Myrica rubra, also called yangmei (Chinese: 杨梅; pinyin: yángméi; Cantonese: yeung4 mui4; Shanghainese: [jɑ̃.mɛ][tones?]), yamamomo (Japanese: ヤマモモ, "mountain peach"), Chinese bayberry, Japanese bayberry, red bayberry, yumberry, waxberry, or Chinese strawberry (and often mistranslated from Chinese as arbutus) is a subtropical tree grown for its sweet, crimson to dark purple-red, fruit.
|Myrica rubra in garden|
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It is a small to medium-sized evergreen tree growing up to 10–20 m (33–66 ft) high, with smooth gray bark and a uniform spherical to hemispherical crown. It is dioecious, with separate male and female plants. It tolerates poor acidic soils. The root system is 5–60 cm (2.0–23.6 in) deep, with no obvious taproot.
The fruit is spherical, 1.5–2.5 cm (0.6–1 in) in diameter, with a knobby surface. The surface color is typically a deep, brilliant red, but may vary from white to purple. The flesh color is similar to surface color, or somewhat lighter. The flesh is sweet and very tart. At the center is a single seed, with a diameter about half that of the whole fruit.
Myrica rubra is also called Morella rubra Lour., Myrica rubra var. acuminata Nakai. In studies of germplasm, it was clearly distinguished from wax myrtle, and could be subdivided into two groups unrelated to the sex of the plant, but more so by the geographic region in China where the accession originated. Among regions in China, accessions varied within regions, indicating extensive gene mixing. Nearly 100 cultivars of M. rubra exist in China alone. Zhejiang Province is a possible center of diversity for the plant in China.
Distribution and habitatEdit
It is native to eastern Asia, mainly in south-central China where it has been grown for at least 2000 years. Chinese cultivation is concentrated south of the Yangtze River, where it has considerable economic importance. Its niche is forests on mountain slopes and valleys at altitudes of 100–1,500 metres (330–4,920 ft).
Yangmei is being commercialized in California by Calmei, a California corporation. Yangmei trees are prolific producers, with a single tree yielding some 100 kilograms (220 lb) of fruit. As of 2007, 865,000 acres were devoted to yangmei production in China – double the amount of acres utilized in apple production in the United States.
Some cultivars with large fruit, up to 4 centimetres (1.6 in) in diameter, have been developed. Besides fresh consumption, the fruits may be dried, canned, soaked in baijiu (Chinese liquor), or fermented into alcoholic beverages, such as wine, beer, or cocktails. Dried fruits are often prepared in the manner of dry huamei (Prunus mume with flavorings such as licorice or salty licorice). The juice has been commercialised under the brand name "Yumberry" under which name it is trademarked in the EU. In Yunnan Province in China, there are two main types of yangmei, a sour type used for making dried fruit and a sweet type used for juice and fresh eating.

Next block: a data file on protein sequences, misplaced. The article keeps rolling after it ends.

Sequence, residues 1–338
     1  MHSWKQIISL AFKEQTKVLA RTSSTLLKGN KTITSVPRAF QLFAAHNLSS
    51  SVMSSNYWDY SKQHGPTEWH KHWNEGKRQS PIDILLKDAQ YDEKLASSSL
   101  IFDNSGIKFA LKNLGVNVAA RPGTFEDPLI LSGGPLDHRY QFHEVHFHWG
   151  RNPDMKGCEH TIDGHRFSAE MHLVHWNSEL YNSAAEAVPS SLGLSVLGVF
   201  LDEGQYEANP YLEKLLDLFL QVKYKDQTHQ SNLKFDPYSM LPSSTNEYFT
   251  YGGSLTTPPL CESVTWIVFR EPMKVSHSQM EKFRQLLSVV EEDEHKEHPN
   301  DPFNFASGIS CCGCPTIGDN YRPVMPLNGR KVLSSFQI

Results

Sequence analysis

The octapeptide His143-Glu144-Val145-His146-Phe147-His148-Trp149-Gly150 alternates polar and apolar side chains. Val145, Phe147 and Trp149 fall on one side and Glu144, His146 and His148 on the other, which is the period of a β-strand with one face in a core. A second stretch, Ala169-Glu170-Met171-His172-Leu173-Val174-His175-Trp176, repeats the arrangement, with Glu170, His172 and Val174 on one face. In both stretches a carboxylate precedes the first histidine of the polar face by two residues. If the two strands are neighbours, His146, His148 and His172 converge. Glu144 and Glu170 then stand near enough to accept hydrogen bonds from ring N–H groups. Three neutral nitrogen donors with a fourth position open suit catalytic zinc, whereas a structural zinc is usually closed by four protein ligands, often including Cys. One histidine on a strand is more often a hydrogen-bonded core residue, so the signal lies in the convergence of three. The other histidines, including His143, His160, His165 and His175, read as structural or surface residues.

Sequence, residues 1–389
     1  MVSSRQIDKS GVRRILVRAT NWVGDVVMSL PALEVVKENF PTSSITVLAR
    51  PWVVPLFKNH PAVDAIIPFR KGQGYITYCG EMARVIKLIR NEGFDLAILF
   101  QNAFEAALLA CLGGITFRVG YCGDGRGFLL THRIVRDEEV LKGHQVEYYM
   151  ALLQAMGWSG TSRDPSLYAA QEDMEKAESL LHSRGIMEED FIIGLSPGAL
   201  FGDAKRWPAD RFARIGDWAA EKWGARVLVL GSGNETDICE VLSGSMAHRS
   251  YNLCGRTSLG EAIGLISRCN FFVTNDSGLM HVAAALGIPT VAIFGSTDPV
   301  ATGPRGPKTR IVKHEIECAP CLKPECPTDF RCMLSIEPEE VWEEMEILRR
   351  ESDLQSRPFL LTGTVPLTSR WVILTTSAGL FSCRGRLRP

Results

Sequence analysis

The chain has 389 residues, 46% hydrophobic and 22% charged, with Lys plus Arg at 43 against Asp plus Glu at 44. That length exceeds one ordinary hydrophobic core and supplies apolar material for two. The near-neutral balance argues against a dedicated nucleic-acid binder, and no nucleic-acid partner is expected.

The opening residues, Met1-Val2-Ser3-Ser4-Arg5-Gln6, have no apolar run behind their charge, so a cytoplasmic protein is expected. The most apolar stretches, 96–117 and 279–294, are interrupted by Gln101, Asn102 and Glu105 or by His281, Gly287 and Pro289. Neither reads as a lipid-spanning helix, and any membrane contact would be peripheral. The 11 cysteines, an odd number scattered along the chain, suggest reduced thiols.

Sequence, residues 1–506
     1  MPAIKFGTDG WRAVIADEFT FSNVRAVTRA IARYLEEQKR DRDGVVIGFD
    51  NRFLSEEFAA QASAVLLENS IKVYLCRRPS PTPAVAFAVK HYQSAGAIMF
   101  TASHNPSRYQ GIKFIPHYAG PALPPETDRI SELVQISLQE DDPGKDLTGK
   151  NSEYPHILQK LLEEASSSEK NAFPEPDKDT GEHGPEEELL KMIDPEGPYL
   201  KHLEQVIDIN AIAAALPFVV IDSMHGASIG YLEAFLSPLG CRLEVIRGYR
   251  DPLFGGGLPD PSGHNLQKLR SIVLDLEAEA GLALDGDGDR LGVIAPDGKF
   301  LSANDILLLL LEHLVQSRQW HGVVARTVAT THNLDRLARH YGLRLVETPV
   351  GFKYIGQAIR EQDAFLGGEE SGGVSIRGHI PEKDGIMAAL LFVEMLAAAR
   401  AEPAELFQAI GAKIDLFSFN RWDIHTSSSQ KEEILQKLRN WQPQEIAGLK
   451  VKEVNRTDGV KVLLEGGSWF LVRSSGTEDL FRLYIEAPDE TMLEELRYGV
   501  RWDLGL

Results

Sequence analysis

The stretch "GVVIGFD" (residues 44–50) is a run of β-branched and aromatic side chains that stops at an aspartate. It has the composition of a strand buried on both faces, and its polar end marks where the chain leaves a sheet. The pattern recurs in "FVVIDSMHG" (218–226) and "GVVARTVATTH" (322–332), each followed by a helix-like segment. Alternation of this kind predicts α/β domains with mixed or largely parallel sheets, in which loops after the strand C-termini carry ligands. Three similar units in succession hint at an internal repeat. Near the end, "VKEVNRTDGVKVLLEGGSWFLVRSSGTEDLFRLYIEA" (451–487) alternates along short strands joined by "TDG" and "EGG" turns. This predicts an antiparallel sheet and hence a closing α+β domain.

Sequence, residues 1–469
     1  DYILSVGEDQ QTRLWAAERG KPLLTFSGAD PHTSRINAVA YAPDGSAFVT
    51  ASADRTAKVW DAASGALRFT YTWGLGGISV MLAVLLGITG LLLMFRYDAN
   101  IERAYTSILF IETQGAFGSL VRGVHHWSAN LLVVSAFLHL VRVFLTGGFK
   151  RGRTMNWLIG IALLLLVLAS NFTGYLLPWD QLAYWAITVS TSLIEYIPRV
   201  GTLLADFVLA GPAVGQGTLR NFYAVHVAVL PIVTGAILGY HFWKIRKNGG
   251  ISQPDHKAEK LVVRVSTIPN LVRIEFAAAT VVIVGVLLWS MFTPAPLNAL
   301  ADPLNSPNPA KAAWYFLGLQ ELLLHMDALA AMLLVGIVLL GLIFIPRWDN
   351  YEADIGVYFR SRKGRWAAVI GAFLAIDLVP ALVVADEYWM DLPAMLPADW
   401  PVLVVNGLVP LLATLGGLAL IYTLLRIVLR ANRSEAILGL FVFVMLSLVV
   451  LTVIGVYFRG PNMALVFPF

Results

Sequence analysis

Other uses include
- bottled pasteurized juice or juice blends
- dye prepared from the bark
- yogurt flavoring
- blended jam and preserves
Research and phytochemicalsEdit
Various species of Myrica have been studied scientifically for horticultural characteristics or phytochemicals implicated with health benefits. Dating to 1951, the horticultural literature includes studies on
Archaeological and written evidence suggest that yangmei cultivation first took place in China over 2,000 years ago during the Han Dynasty. Yangmei is mentioned throughout Chinese literature, including several appearances in Li Bai's poems.
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- Zhang, Shuiming; Gao, Zhongshan; Xu, Changjie; Chen, Kunsong; Wang, Guoyun; Zheng, Jintu; Lu, Ting (2009). "Genetic diversity of Chinese bayberry (Myrica rubra Sieb. et Zucc.) accessions revealed by amplified fragment length polymorphism". HortScience. 44 (2): 487–491. doi:10.21273/hortsci.44.2.487. ISSN 0018-5345.
- Jia, Hui-min; Jiao, Yun; Wang, Guo-yun; Li, Ying-hui; Jia, Hui-juan; Wu, Hong-xia; Chai, Chun-yan; Dong, Xiao; Guo, Yanping; Zhang, Liping; Gao, Qi-kang; Chen, Wei; Song, Li-juan; van de Weg, Eric; Gao, Zhong-shan (19 May 2015). "Genetic diversity of male and female Chinese bayberry (Myrica rubra) populations and identification of sex-associated markers". BMC Genomics. 16 (1): 394. doi:10.1186/s12864-015-1602-5. ISSN 1471-2164. PMC 4436740. PMID 25986380.
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- "Calmei". Calmei.
- Joyce, Daryl; Tahir Khurshid; Shiming Liu; Graeme McGregor; Jianrong Li; Yeuming Jiang (December 2005). Red bayberry – a new and exciting crop for Australia?. Barton, Australian Capital Territory: Rural Industries Research and Development Corporation. ISBN 978-1-74151-144-4. OCLC 223913003. Retrieved 23 June 2009.
- Karp, David (12 December 2007). "From China, Only in a Bottle, a Berry With an Alluring Name". The New York Times. Retrieved 14 September 2018.
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- Huguet V, Batzli JM, Zimpfer JF, Normand P, Dawson JO, Fernandez MP (May 2001). "Diversity and Specificity of Frankia Strains in Nodules of Sympatric Myrica gale, Alnus incana, and Shepherdia canadensis Determined by rrs Gene Polymorphism". Applied and Environmental Microbiology. 67 (5): 2116–2122. doi:10.1128/AEM.67.5.2116-2122.2001. PMC 92844. PMID 11319089.
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- Sogo A, Tobe H (January 2006). "Mode of Pollen-Tube Growth in Pistils of Myrica rubra (Myricaceae): A Comparison with Related Families". Annals of Botany. 97 (1): 71–77. doi:10.1093/aob/mcj015. PMC 2803377. PMID 16291781.
- Wende, Meng Meng. "Ancient and Modern Yangmei Poems". Douban. Retrieved 14 September 2018.
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